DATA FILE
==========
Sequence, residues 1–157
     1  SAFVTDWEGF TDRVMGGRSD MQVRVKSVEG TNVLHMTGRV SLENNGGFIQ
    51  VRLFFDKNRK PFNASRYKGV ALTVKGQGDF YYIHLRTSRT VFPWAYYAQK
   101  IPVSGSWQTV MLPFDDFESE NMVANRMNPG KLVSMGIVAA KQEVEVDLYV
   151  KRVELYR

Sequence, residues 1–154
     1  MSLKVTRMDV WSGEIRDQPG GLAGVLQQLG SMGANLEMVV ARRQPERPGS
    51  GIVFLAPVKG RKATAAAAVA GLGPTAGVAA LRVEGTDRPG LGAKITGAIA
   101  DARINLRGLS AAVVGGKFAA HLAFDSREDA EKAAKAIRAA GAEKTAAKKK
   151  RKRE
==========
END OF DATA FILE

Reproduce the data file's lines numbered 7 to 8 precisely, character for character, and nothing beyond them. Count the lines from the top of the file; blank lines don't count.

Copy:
     1  MSLKVTRMDV WSGEIRDQPG GLAGVLQQLG SMGANLEMVV ARRQPERPGS
    51  GIVFLAPVKG RKATAAAAVA GLGPTAGVAA LRVEGTDRPG LGAKITGAIA